With sticky prices and barriers to entry the fall in wages and unit labor costs so far have contributed to the recession instead of reversing it. In such circumstances it makes much more sense to target first product market reforms, which would improve price flexibility and the structural competitiveness of the Greek economy. Labor market reforms are also essential but they can come later, when the economy is performing well and they are easier to implement. That said, wages did fall by over 20%, much more than in the other
EZ program countries. The associated fall in unit labor costs was consistent with the improved performance of exports but was slow to translate into a fall in prices. Wage reductions reflected in greater increases in profit margins rather than reductions in prices.

The Economic Adjustment Program has been a major “demand” force in the severe contraction since 2009, but there is also a “supply” force. Greece must further improve its competitiveness vis-a-vis its EZ partners, and debt relief in and of itself cannot address the competitiveness problem. That requires a targeted approach that involves structural reforms, especially ones that improve competitiveness in the market for goods and services and have long lasting effects through total factor productivity growth. Reforms are necessary to make Greece more productive, help it attract investment and develop forward-looking export industries. This will inevitably require deep restructuring of the economy, a process that typically follows crises, and is to some extent already under way in Greece.

Full paper, as presented at the Fall 2015 Brookings Papers on Economic Activity Conference, September 10-11, 2015. PDF  Full Brookings conference site


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Could a Return to the Drachma Help Greece Regain its Competitiveness?

Vasilis Sarafidis (Monash University) recently posted an article discussing the thesis that a return to the drachma would help Greece regain its competitiveness. His main can be summarized as follows.

The basic argument for returning back to the drachma is that the ability of a country with sovereign monetary policy to occasionally devalue its currency can help it regain its competitiveness in international markets. This article examines, with the help of time series plots, the effect of 3 distinct events of currency devaluation that took place in Greece during the period 1974 – 2001. It appears that currency devaluations have had only a small and short-lived favourable effect on the competitiveness of the Greek economy. By contrast, there exists a long term deterioration in the trade and current account deficits, which appears to be moderately halted in the short term through application of stabilization policies rather than currency devaluation alone. This is consistent with the popular view among economists that competitiveness is a structural feature of an economy and it mainly depends, among other factors, on the ability to exploit comparative advantages, which requires high productivity, business agility, skilled human capital, an efficient public sector that does not work to the detriment of the rest of the economy, and a fair and efficient tax system.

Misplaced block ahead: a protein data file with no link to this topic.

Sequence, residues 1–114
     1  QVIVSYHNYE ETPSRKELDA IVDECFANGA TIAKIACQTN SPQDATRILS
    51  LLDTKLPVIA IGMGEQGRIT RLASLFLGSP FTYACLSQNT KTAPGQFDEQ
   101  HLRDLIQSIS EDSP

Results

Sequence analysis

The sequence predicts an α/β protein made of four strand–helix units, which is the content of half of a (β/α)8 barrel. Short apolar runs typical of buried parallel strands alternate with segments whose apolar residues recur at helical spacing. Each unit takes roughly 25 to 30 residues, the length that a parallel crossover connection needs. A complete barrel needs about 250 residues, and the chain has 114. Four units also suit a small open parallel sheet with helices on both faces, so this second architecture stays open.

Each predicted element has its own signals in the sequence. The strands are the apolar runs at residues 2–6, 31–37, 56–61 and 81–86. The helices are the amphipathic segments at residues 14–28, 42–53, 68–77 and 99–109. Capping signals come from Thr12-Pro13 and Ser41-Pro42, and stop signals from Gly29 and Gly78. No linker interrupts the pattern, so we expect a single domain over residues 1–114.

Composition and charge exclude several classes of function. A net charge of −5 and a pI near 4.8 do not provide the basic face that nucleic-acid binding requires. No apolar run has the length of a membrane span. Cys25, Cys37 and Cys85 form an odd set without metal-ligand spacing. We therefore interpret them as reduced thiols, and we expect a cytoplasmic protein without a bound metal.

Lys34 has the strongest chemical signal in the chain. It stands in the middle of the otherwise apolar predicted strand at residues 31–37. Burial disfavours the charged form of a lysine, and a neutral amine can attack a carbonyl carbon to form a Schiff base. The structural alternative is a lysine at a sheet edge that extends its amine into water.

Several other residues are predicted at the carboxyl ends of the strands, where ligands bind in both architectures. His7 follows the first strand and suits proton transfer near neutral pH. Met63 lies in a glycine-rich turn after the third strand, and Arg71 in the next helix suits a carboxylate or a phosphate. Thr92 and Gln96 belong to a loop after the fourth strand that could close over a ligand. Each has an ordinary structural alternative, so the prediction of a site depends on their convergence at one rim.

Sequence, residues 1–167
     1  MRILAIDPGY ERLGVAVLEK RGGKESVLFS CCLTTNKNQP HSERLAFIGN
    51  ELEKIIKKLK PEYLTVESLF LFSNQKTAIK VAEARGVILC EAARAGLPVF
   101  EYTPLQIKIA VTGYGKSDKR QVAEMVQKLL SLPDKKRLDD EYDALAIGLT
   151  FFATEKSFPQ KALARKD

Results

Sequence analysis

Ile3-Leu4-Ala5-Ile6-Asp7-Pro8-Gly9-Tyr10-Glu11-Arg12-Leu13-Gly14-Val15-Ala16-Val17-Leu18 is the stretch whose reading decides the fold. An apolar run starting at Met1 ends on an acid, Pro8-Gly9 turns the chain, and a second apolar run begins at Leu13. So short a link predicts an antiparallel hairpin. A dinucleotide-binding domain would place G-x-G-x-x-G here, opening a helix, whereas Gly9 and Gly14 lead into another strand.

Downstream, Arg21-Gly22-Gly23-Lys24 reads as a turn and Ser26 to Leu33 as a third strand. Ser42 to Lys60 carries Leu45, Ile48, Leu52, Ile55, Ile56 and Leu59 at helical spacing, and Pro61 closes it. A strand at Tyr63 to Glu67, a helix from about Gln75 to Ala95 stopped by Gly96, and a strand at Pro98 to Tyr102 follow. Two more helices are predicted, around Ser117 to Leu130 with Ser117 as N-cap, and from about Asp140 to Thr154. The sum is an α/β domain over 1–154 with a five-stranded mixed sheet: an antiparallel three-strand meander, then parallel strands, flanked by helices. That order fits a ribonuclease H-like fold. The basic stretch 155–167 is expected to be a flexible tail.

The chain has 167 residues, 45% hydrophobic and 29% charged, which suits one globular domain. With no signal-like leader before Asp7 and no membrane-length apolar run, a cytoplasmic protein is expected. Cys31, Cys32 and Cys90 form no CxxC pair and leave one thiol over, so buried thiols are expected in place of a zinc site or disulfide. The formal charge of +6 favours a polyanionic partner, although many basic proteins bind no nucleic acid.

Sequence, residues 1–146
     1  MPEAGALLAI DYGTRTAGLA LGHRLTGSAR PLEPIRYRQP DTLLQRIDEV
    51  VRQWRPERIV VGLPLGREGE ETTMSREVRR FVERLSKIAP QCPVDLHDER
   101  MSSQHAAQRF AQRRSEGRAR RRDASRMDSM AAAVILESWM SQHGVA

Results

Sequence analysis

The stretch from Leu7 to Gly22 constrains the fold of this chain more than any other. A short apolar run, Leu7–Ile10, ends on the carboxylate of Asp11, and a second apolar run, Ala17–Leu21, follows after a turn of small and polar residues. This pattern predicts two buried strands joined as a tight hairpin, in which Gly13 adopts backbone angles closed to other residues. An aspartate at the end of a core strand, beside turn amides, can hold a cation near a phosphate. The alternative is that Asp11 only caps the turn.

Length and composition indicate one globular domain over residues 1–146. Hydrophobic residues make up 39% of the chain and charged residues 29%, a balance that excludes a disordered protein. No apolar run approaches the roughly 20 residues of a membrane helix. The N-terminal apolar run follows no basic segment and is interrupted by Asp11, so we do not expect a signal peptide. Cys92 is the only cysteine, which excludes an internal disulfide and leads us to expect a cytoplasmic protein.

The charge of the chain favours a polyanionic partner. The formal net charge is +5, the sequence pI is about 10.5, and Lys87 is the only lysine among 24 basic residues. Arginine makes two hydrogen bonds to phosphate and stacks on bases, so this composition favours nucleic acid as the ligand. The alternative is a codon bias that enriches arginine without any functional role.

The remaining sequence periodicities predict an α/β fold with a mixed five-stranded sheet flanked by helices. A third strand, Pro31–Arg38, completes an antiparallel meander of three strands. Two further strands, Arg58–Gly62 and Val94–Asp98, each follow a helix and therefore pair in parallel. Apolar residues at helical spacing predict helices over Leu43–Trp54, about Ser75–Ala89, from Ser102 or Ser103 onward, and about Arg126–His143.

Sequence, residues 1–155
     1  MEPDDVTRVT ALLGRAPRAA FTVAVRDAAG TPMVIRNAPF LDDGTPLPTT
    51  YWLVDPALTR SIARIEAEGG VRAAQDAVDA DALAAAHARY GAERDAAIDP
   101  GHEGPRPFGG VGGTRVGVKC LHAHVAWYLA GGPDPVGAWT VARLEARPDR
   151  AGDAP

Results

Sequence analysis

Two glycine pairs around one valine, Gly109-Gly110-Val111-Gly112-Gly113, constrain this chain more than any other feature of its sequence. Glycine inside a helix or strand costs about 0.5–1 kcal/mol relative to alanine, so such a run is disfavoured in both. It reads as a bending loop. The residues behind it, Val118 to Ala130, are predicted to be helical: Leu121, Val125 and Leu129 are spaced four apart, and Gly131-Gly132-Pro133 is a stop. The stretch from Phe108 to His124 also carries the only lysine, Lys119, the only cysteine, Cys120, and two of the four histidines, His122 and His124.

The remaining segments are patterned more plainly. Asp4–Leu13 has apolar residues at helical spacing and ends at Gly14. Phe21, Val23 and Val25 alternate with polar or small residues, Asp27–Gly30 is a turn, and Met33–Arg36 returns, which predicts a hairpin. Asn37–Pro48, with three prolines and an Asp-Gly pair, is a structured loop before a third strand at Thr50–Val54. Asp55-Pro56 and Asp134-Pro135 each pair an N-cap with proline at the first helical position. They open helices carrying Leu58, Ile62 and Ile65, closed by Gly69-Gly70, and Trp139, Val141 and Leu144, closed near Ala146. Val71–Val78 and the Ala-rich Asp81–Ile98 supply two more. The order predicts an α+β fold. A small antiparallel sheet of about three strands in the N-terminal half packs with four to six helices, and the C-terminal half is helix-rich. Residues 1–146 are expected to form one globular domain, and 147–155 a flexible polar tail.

Read the post (in Greek) here.

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Capital Controls and Transactional Culture

Antonis Kotidis (Bonn Graduate School of Economics) documents that the recent imposition of capital controls led to an increase in the number of debit cards issued and in POS (point-of-sale) terminals installation. Although these developments are encouraging for the future of transactions efficiency and tax compliance, the available data on payments statistics over the entire period 2000-2013 shows contradictions in the transactional culture of Greeks and suggests only modest optimism.

Read the article here.

Posted in Banking and finance | 1 Comment

Lower VAT can tackle tax evasion

Nikolaos Artavanis (Isenberg School of Management – UMass Amherst) argues, in a timely article given the current proposed increases in VAT, that VAT increases do not go hand in hand with tax revenue increases in the presence of tax evasion

In industries, where tax enforcement is challenging, the increase of tax rates does not necessarily correspond to an increase in public revenues. The reason is that these firms tend to “adjust” the magnitude of tax evasion to new policies. The increase of the VAT rate in the restaurant industry in September 2011 increased evasion by at least 9%, while the reduction of the rate in August 2011 reduced sales under-reporting by at least 9.6%. Taking into account the effect of the additional reported sales on direct taxes, the final fiscal outcome of the VAT rate reduction becomes minimal.  Read the article.

Posted in Macroeconomics, Public finance | 2 Comments

In addition to “Today”, there is also “Tomorrow”

Professor Thanasis Stengos (University of Guelph, Canada) published an article in Naftemporiki on the current negotiations with the European partners.